At No Fallen Heroes we are dedicated to the reduction and elimination of veteran suicide. Although veterans of all ages can be at risk of taking their own lives, the rate of suicide is highest among those who have been recently discharged from military service. In this regard we often think about the challenges facing veterans as they reintegrate into civilian society but life changes and mental health challenges for veterans can be issues even when things are going well. It is the rate of change and magnitude of change that can be stressful
Life Is Change for Everyone
No matter if change is positive or negative, processing change is a task our mind needs to deal with. The seasons come and go, bringing change with them at all times. We grow older, take on new tasks, form new relationships, or lose relationships. When a veteran leaves the service, they may be looking forward to a new life, new challenges, and new relationships. At the same time part of their mind may be grieving the loss of their old life, friendships, predictable work, and life organization. When veterans transition to civilian life their families go through much of the same set of issues and, unfortunately, this is a time when a veteran may lose family and family support just when they may need it most. Add to this the problems that occur in the military and follow a veteran home like PTSD, depression, traumatic brain syndrome, and a variety of service connected disabilities. Psychological professionals tell us that even when things are going exceptionally well life change causes stress as we learn to cope with a wide variety of new things. How can a newly discharged veteran cope with this array of challenges and the stress that they naturally cause?
Suggestions for Veterans for Coping with the Stress of Life Changes
The military teaches competence. Veterans come from a life in which they knew what to do in any given situation and all too often find themselves confronting challenges for which they have no experience or training. Unfortunately, a common response is to see oneself as inadequate or at fault for the problems that emerge during the transition into civilian life. The veteran becomes depressed and then feels bad about how they feel! At this point it is important to give yourself permission to have feelings! Adapting to change involves a learning curve and can be both physically and emotionally exhausting. It is important at this point to give yourself a break, allow yourself to have emotions, and, ideally, talk about them with someone whom you trust. You would be patient and compassionate with a friend who was going through similar problems. Extend the same courtesy to yourself.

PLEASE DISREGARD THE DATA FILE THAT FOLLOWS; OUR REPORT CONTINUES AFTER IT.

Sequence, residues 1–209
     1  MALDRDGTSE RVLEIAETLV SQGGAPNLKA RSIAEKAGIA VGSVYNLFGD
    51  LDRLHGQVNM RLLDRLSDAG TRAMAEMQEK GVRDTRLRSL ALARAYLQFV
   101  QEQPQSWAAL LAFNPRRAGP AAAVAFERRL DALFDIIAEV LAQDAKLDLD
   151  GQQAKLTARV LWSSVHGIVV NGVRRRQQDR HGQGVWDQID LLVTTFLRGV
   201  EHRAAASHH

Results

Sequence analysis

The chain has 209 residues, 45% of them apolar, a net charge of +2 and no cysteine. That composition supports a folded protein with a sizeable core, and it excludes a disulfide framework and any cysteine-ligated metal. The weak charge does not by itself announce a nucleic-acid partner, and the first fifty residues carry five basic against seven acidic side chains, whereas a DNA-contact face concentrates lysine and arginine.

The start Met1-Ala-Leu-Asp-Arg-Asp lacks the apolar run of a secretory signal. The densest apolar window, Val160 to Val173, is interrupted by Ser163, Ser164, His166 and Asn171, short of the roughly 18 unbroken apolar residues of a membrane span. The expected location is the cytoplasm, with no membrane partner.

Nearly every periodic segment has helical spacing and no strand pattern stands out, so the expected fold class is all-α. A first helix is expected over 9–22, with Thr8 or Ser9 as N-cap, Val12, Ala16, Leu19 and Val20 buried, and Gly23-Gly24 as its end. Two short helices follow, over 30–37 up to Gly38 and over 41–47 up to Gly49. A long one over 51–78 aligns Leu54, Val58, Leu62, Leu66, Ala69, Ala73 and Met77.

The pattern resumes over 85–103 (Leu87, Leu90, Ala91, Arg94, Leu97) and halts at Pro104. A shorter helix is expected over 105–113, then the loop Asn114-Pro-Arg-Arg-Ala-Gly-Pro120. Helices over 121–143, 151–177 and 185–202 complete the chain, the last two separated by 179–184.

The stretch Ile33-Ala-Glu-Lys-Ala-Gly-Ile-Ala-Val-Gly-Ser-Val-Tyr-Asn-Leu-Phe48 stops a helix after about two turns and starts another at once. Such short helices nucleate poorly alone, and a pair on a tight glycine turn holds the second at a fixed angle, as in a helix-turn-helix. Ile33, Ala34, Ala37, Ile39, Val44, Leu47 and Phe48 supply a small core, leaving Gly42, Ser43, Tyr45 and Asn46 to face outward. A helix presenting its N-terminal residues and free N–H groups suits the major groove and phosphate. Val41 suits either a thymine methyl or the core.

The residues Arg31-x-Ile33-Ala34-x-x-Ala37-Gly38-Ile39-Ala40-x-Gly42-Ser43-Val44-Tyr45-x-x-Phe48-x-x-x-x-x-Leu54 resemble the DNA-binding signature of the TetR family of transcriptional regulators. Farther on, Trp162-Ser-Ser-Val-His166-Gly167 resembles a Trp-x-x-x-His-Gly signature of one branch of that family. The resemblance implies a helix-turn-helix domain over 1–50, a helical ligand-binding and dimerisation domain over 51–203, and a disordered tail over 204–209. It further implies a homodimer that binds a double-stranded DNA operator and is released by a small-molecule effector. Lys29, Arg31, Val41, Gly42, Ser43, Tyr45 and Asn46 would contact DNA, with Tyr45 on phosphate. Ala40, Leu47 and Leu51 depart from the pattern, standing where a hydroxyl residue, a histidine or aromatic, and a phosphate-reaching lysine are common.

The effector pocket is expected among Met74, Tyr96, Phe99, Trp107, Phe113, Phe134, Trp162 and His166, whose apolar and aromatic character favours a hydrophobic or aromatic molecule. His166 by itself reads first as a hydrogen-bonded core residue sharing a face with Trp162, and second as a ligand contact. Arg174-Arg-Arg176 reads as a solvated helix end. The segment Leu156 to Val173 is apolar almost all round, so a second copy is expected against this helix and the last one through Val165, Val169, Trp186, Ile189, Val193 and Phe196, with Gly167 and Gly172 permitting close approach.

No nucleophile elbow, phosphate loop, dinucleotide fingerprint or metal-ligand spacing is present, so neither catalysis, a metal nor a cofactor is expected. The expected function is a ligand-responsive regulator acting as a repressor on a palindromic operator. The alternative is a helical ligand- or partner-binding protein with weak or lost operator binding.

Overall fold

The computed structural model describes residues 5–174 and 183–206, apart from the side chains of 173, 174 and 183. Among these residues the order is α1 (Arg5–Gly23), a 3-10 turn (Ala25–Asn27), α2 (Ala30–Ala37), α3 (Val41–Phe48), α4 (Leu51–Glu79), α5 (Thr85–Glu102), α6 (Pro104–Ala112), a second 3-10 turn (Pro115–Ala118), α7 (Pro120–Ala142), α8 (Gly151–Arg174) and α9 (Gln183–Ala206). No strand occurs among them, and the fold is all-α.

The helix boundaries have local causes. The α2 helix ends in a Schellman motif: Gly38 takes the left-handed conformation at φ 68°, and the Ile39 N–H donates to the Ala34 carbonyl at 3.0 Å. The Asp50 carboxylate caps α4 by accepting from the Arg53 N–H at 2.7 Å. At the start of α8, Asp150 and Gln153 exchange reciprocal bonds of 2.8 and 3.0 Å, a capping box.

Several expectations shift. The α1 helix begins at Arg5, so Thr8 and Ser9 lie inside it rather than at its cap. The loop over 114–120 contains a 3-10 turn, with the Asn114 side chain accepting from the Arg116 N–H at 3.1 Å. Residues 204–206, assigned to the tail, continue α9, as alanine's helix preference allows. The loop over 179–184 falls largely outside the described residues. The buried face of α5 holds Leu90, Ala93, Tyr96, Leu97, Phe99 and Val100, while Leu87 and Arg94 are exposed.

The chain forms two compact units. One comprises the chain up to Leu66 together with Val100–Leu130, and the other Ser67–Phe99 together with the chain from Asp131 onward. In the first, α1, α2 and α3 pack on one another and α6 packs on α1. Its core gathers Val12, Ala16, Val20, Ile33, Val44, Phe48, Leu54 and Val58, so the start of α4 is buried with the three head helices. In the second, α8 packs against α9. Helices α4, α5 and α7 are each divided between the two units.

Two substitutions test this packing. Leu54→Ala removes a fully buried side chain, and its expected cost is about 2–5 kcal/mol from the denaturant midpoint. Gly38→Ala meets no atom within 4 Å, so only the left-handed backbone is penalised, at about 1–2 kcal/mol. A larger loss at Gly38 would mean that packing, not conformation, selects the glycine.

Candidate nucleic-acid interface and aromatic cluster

Look to the Future and Do Not Wallow in the Past
Many times in life transitions we bring emotional baggage from our old life with us into the new. Although it may be important to deal with some of one’s old baggage in order to move on, it is also important to put aside old grievances and memories that only impede your progress in a new life. You are now living in your future and here is where your focus needs to be. A useful way to make this work is to actively visualize where you want to go in your new life, the skills you will need to get there, the new friendships you will want to make, and the person you will be in your ideal future. It is said that many of the ultra-rich were able to visualize where they are today and then visualize backward from that success the steps needed to get there. The veteran confronting transition to a new civilian life can use a similar approach to success and happiness.
Small Steps in the Right Sequence for Coping With Lifestyle Changes
Success in life begets success. While the tasks facing a recently discharged veteran may seem insurmountable, the first necessary step generally is not. Sit down and write up a simple plan for what you need to do. Break it down so that you can take care of business one day at a time. Looking for work, waiting for training programs to start will not take up the entire day. Make it a point to fill the gaps in each day with physical exercise, time with friends and family, or even volunteer work that will bring you into contact with positive people and possibly end up with contacts that will help you personally. The key here is to take it one day at a time, always working toward your eventual goals.